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Those superior Superiors
Brian Cantrell (Qld)
Background. It is generally known that, at its introduction in 1916 as a competitor for Henrys Model T, the Chevrolet "490" was so named because it sold for $490. Many members will also know that until 1921 the "490" had a combined clutch and service brake pedal for the driver's left foot, while the right hand pedal operated the emergency brake. For the 1922 model year (the last for the "490") a conventional pedal set-up with a separate hand brake was introduced.
The first true "Superior" Chevrolet was the 1923 model-year Series B; but some Chevrolet advertising in 1922 had referred to the outgoing "490" as "Superior". This was particularly aimed at women, who perhaps found the conventional pedal arrangement easier to manage, so that the car really was "superior".
The "Superior" ran from 1923 to 1926 in the Series B, F, K and V. Mechanically, the design of the Series B and F was similar to the "490" with leather cone clutch and split differential, riding on quarter-elliptic springs. The Series B (like the "490") had magneto ignition, a dip in the front I-beam and cable-operated service brakes. The Series F had coil ignition, a straight front I-beam and used brake rods like later Chev 4s. The Series K and V design was a major leap forward, with plate clutch, banjo differential and semi-elliptic springs.
The early Superiors 1923 -24
Series B and F Chevrolets are relatively rare nowadays compared with Series K and V. One reason suggested for this is that their light chassis could not stand up to the rough Australian roads in the 1920s and 1930s and certainly these chassis were prone to cracking near the front spring mountings. The rear engine cross-member also failed regularly judging by the reinforcing evident on many examples of these two Series. The split differential also seemed to be a weakness
The superior Superiors 1925 - 26
Having summarised the mechanical design changes introduced on the K series Chevrolet, it is surprising that the bodywork is surprisingly similar to their B and F forebears. All four series have similar 2-piece front mudguards, with a slightly domed top section attached to an apron extending down to the chassis; valance panels and rear mudguards are also similar as are the A-frame spare tyre bracket, round tail-light (no stop-light), and drum headlights attached to the front mudguard apron.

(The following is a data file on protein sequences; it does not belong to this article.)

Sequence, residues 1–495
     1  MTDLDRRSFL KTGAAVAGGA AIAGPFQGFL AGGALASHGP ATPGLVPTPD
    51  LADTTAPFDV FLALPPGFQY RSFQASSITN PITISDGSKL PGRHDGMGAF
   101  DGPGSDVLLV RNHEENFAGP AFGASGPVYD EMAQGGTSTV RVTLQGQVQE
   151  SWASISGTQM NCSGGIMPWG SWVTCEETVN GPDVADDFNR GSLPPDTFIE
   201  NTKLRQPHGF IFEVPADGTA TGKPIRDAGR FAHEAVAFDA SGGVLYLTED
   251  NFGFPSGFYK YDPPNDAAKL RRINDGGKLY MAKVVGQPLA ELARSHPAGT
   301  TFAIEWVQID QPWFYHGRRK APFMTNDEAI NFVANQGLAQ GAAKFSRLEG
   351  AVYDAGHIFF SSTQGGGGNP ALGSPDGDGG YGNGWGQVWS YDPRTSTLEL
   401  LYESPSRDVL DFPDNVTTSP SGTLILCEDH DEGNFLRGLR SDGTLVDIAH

The profile of the radiator shell differs (although some very early cars carried over the shape of the series B&F radiator surround) as do the instruments and the shape of the instrument panel. The longer chassis and the semi-elliptic springs are a dead give-away, but two-wheel brakes (on the rear wheels only) were retained. One intriguing feature is the number of bonnet louvers; some cars have 16, others 18, and there seems to be no logic behind this variation.
1925 Series K Chevrolets have a generator on the right hand side of the engine, driven from the timing gears, with a close-coupled distributor and oil pump behind. The engine has twin rocker covers over the valve gear. The water pump is attached to the engine block by six bolts and the lower radiator hose connection is on the left hand side of the radiator.
1926 Series K Chevrolets have a belt-driven generator on the left hand side of the engine, with an internal vane-type oil pump driven by the distributor shaft. A single, full-length rocker cover was used on the 1926 engine. The water pump was a four-bolt type and the lower radiator hose connection was on the right hand side of the radiator.
The body is similar to the 1925 vehicles.
1926 Series V Chevrolets were introduced in late 1926. The Superior V with a Holden tourer body is immediately recognisable by the presence of outside door handles, a single raised beading around the body and bonnet (with a pin stripe below the beading) and a pressed metal tie bar to which the headlights are bolted. Other changes include spark and throttle levers on top of the steering wheel boss, an additional chassis cross-brace supporting the gearbox, and a new oval tail-light incorporating a stop-light.